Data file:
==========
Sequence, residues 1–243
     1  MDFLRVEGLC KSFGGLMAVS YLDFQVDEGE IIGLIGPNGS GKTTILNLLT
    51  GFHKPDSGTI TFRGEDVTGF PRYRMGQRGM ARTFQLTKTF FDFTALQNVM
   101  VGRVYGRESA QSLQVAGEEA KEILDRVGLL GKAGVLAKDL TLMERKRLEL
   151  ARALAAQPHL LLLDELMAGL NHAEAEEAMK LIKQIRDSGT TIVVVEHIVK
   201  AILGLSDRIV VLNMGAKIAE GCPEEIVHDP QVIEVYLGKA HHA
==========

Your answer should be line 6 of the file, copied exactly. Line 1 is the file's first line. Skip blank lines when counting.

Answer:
   201  AILGLSDRIV VLNMGAKIAE GCPEEIVHDP QVIEVYLGKA HHA